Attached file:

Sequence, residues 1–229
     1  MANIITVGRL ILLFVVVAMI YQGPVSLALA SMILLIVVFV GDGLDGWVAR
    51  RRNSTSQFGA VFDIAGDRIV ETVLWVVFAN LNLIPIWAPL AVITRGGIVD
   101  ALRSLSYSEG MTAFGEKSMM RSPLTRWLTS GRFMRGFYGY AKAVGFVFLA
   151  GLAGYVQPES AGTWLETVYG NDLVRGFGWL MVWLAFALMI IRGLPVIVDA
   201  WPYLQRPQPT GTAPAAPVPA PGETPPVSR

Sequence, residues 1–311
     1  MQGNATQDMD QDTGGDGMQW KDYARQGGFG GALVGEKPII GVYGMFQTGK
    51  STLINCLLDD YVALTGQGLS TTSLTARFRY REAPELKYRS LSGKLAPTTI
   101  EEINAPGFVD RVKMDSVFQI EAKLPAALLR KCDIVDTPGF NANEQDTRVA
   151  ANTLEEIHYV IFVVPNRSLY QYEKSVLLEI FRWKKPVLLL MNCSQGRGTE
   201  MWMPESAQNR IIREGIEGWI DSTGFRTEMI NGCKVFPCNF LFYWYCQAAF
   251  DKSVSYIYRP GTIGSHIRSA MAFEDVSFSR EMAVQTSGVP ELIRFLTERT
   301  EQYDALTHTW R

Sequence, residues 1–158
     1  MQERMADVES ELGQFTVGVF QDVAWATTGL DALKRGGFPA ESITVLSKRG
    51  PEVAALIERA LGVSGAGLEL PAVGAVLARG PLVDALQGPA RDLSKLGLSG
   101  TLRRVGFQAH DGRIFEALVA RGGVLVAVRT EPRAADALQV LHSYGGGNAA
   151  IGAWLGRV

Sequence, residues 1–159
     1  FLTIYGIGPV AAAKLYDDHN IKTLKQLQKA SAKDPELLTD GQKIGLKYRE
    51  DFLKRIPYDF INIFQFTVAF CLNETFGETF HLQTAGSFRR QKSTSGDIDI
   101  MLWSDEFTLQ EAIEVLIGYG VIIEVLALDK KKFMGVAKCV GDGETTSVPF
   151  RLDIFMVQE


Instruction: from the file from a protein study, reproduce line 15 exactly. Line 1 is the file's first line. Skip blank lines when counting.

Sequence, residues 1–158